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STM8 timer not ticking correctly

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Hello and thanks always.

I am working maintaining a code for a STM8, that involves timers. The clock is set at 16MHz, ergo 0.0625uS. The settings of the timer are ARRH=0x03 and ARRL=0x20 therefore(0x0320=800) it resets at 800( 50uS). PSCR is set to 0 so the timer has the same freq as the micro

Anyway, I checked with an oscilloscope and it does not give good readings. The timer interrupt is called at
56us , 54uS, 54uS, 52uS, 52uS, 52us, 38us(!!!), 42us(?), 50us, 50us....
curiously summed up it gives 500uS so it does count as 10 times 50uS

The first 8 times at the timer interrupt some AD conversion is happening so I think that the AD finished interrupt is being called in between too.

I disable the AD conversions and the timer interrupt is called at exactly 50uS, so I am concluding that the AD conversion is what is affecting the timing of the timer. Any comments on this??

1) How would you use the AD conversion on a regular time basis?

but what is puzzling me is :

2) why does it "correct" itself by firing an interrupt at 38uS?? (and later 42uS)

I would appreciate any comment based on your embedded or STM8 experience, has something of this sort ever happened to you?
 

Ian Rogers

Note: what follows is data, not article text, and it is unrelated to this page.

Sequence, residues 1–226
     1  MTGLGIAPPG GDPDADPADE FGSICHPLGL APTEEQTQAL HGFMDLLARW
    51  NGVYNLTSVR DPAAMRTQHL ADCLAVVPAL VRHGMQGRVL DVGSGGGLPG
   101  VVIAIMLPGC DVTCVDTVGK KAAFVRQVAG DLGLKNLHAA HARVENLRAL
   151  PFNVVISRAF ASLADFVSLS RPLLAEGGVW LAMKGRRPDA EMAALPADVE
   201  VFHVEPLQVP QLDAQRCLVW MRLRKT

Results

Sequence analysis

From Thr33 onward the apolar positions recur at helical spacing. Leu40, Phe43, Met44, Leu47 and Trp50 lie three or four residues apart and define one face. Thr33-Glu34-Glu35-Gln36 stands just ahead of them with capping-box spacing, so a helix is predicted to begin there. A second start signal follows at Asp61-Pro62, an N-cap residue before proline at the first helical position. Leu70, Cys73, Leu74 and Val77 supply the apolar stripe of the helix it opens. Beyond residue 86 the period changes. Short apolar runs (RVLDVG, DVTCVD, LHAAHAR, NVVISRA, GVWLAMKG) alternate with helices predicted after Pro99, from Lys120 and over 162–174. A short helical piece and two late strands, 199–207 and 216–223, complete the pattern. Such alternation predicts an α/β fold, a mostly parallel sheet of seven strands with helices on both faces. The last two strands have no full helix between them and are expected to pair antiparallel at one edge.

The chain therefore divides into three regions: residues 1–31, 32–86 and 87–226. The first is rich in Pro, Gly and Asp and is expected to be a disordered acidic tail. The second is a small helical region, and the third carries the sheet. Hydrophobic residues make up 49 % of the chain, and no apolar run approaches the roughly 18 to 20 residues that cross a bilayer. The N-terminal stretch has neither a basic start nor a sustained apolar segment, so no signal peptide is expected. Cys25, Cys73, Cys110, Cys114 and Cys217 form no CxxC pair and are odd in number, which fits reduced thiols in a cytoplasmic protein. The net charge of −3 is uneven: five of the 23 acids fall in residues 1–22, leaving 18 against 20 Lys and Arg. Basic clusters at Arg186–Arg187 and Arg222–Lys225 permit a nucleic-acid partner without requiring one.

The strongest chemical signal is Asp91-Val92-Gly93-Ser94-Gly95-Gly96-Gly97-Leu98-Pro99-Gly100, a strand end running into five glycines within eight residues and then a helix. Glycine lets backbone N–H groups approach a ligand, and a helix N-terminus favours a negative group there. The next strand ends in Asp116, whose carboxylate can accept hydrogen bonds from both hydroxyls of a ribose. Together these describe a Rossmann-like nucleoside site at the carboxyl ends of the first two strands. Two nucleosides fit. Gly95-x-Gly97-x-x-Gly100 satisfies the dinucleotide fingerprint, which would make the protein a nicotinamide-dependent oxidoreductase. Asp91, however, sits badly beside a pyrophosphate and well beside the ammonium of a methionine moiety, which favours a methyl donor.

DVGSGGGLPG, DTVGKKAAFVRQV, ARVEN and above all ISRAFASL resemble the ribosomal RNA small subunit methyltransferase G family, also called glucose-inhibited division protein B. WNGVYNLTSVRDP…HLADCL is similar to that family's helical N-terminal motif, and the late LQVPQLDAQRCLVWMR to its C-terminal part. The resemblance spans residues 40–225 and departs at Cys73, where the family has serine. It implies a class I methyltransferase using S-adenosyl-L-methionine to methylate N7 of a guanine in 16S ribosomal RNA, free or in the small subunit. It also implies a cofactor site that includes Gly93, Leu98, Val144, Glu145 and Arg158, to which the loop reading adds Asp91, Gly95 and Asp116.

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Assume the ADC interrupt is firing around the same time as the timer interrupt.. Now the ADC just happens first.. BUT!!!! the timer hits 50us 1us after... The ADC is serviced.. the timer interrupt waits and then will be serviced as soon as the ADC has been completed some time after REMEMBER the overflow has already flagged and the timer is counting again... Once the timer ISR is serviced.. there will be 50us - wait time so the next ISR for the timer will seem to come earlier... when in fact the overflow flag will be set at exactly the same time..

If you can prioritize... Make the timer a higher priority than the ADC..
 
I am not sure if AD conversion would affect timer so much. Atleast i am lucky that i did not face such issues. May be can you check your timer and AD initializations once again may be one is disabling the other.
 
Thanks for the answers. I further investigate and I found this:
ADtimer.jpg
As you can see the red Timer label is where the timer gets called. This timer starts a AD conversion and the black AD int is where the AD conversion finishes. It takes 20uS. In the first cases, the same AD interrupt service function calls an AD again which takes another 19uS and finishes in the green label. after that the AD interruption is disabled.
Now you see that 20uS+19uS= 39uS so there is plenty of time for the timer to tick at 50uS again but for some reason there is always a gap of 15uS until the next timer call. That makes it the 50uS timer to tick at approx 54uS

on the other hand when the AD service (in black) does not call another conversion there still is a 15uS gap which explains why the 50uS timer "self correct" and calls at 35~36uS.

I wonder why this is happening. Apparently there is no superposing of interruption calls
 
In whatever controllers i have worked there was never a situation where i have to call for AD conversion in timer routine. It is done automatically by the controller. You only need to read the ADC buffer data at periodical interrupts based on requirements.
 
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